• Anderson, R., Goodspeed, J.L., Gunnell, J. & Rupp, L. 2014 Going native in the landscape. Sego SupremeTM plants. Kaysville, UT. 14 Apr. 2020. <https://slco.org/uploadedFiles/depot/publicWorks/fwatershed/symposium2014/GoingNativeInTheLand.pdf>

  • Diagne, N., Arumugam, K., Ngom, M., Nambiar-Veetil, M., Franche, C., Narayanan, K.K. & Laplaze, L. 2013 Use of Frankia and actinorhizal plants for degraded lands reclamation BioMed Res. Intl Article ID 948258

    • Search Google Scholar
    • Export Citation
  • Dole, J.M. & Gibson, J.L. 2006 Cutting propagation: A guide to propagating and producing floriculture crops. 1st ed. Ball Publishing, Batavia, IL

  • Gucker, C.L. 2006 Cercocarpus montanus. In: Fire Effects Information System. U.S. Department of Agriculture, Forest Service, Rocky Mountain Research Station, Fire Sciences Laboratory, Fort Collins, CO. 23 Mar. 2020. <https://www.fs.fed.us/database/feis/plants/shrub/cermon/all.html>

  • Liang, L.M. 2005 True mountain-mahogany sprouting following fires in ponderosa pine forests along the Colorado Front Range. Colo. State Univ., Fort Collins, MS Diss. 77 p

  • Rosner, L.S., Harrington, J.T., Dreesen, D.R. & Murray, L. 2003 Overcoming dormancy in New Mexico mountain mahogany seed collections J. Range Manage. 56 198 202

    • Search Google Scholar
    • Export Citation
  • Royal Horticultural Society and Flower Council of Holland 2001 RHS Colour Chart, London, UK

  • Rupp, L.A. & Wheaton, A. 2014 Nurturing native plants: A guide to vegetative propagation of native woody plants in Utah. Paper 797. 23 Mar. 2020. <https://digitalcommons.usu.edu/extension_curall/797/>

  • SEINet Portal Network 2020 Taxa. Washington, DC. 23 Mar. 2020. <http://swbiodiversity.org/seinet/taxa/index.php?taxon=Cercocarpus+montanus>

  • Shaw, N.L., Monsen, S.B. & Stevens, R. 2004 Rosaceous shrubs. USDA Forest Service Gen. Tech. Rep. RMRS-GTR-136

  • Turley, D., Roundy, B.A. & Walker, S.C. 2003 True mountain mahogany community and shrub size responses to browsing J. Range Manage. 56 600 607

  • USDA 2020a Plant Database: Cercocarpus montanus Raf. (alderleaf mountain mahogany). Natural Resources Conservation Service, Washington, DC. 23 Mar. 2020. <https://plantsusda.gov/java/charProfile?symbol=CEMO2>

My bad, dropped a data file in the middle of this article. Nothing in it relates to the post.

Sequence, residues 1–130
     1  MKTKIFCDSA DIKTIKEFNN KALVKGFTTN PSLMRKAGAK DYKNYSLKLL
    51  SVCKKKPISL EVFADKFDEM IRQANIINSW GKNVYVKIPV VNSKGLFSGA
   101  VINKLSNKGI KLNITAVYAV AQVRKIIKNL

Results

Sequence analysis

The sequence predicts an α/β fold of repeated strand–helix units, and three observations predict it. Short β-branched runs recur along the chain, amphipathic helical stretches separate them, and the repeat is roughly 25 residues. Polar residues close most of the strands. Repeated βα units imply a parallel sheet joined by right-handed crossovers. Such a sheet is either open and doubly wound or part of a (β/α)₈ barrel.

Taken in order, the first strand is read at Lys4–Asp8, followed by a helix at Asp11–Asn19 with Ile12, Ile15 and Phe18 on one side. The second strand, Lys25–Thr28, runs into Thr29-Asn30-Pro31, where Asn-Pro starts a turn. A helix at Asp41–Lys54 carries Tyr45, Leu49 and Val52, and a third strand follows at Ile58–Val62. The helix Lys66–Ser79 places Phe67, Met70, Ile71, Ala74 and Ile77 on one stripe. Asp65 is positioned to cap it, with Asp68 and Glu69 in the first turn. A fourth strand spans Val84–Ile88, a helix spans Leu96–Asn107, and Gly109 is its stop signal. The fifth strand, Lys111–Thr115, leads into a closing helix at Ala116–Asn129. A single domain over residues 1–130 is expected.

• USDA 2020b Plant Hardiness Zone Map: Colorado. Agricultural Research Service, Washington, DC. 23 Mar. 2020. <https://planthardiness.ars.usda.gov/PHZMWeb/>

  • Vanden Heuvel, B.D. 2002 Molecular systematics of Cercocarpus H.B.K. (Rosaceae). The University of Texas at Austin. PhD Diss. 273 p

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Contributor Notes

This research was supported in part by the U.S. Department of Agriculture (USDA) National Institute of Food and Agriculture (NIFA) Hatch project UTA01352 and UTA01381, New Faculty Start-Up Funds from the Office of Research and Graduate Studies, the Center for Water-Efficient Landscaping and the Utah Agricultural Experiment Station (UAES) at Utah State University. It is approved as UAES journal paper number 9354. The content is solely the responsibility of the authors and does not necessarily represent the official views of the funding agencies. Mention of a trademark, proprietary product, or vendor does not constitute a guarantee or warranty of the product by the USDA or the American Society for Horticultural Science and does not imply its approval to the exclusion of other products or vendors that also may be suitable.

L.A.R. is the corresponding author. E-mail: larry.rupp@usu.edu.

  • View in gallery

    Photos of Cercocarpus montanus in the wild (A) in Logan Canyon, UT [lat. 41°45′48″N, long. 111°43′2″W, elevation 1798 m (5900 ft)] and its leaves and fruits (B).

  • View in gallery